Well, on a lighter note, you've been hosting a podcast called "The Cross and the Jukebox," looking at Christian themes in Americana music. Are there any particular songs or lyrics going through your head as you take this job?

"Walk The Line" [by Johnny Cash]. I hope to walk the line—and to call all of us to walk the line of God's wisdom and grace together.
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« Reply #1 on: April 04, 2013, 12:35:53 pm »

http://blog.christianitytoday.com/ctliveblog/archives/2013/03/russell-moore-replaces-richard-land-as-leader-of-ethics-and-religious-liberty-commission-erlc.html
March 26, 2013
Russell Moore Replaces Richard Land as Leader of Ethics and Religious Liberty Commission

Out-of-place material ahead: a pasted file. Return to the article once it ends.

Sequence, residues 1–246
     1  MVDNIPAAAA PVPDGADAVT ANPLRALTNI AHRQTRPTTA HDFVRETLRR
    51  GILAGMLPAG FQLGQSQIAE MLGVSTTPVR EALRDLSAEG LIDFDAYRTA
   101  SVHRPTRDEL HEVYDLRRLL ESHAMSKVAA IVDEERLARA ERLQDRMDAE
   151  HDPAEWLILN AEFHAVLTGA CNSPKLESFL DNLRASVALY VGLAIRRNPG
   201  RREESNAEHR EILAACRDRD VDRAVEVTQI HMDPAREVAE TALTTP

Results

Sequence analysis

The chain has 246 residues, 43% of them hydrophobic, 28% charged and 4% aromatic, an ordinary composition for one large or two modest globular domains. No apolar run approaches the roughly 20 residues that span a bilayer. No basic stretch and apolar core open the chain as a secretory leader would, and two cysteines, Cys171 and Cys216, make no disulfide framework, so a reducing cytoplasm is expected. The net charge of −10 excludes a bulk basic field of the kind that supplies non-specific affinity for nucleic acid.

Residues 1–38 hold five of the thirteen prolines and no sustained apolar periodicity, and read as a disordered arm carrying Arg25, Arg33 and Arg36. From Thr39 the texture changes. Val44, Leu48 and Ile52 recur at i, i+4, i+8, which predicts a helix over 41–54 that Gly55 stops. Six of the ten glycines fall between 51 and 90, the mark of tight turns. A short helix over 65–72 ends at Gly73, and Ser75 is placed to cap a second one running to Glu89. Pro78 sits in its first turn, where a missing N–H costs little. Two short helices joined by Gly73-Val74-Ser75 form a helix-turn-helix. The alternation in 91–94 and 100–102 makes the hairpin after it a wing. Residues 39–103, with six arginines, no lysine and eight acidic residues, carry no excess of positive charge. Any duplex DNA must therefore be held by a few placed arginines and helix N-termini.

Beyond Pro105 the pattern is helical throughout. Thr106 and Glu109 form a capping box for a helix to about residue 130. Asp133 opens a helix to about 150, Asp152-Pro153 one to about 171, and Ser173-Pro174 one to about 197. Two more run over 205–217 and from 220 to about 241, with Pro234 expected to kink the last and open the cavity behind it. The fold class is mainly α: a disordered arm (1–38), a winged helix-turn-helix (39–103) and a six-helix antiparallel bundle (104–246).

(UPDATED) ERLC selects Southern Baptist dean as voice of nation's largest Protestant body on political issues.

Excerpts:

Moore will follow Richard Land as the eighth president of the ERLC, which is the Southern Baptist agency dedicated to addressing social and moral concerns and their implications on public policy issues. Moore will begin his new responsibilities June 1. At that time, Land will become the entity’s president emeritus, an honor bestowed on him by trustees in September. Land announced his impending retirement in July 2012.

Moore, a native of Biloxi, Miss., has served since 2004 as Dean of the School of Theology and Senior Vice President for Academic Administration at the Southern Baptist Theological Seminary in Louisville, Ky., where he is also Professor of Christian Theology and Ethics.

-----------------------------------------------------------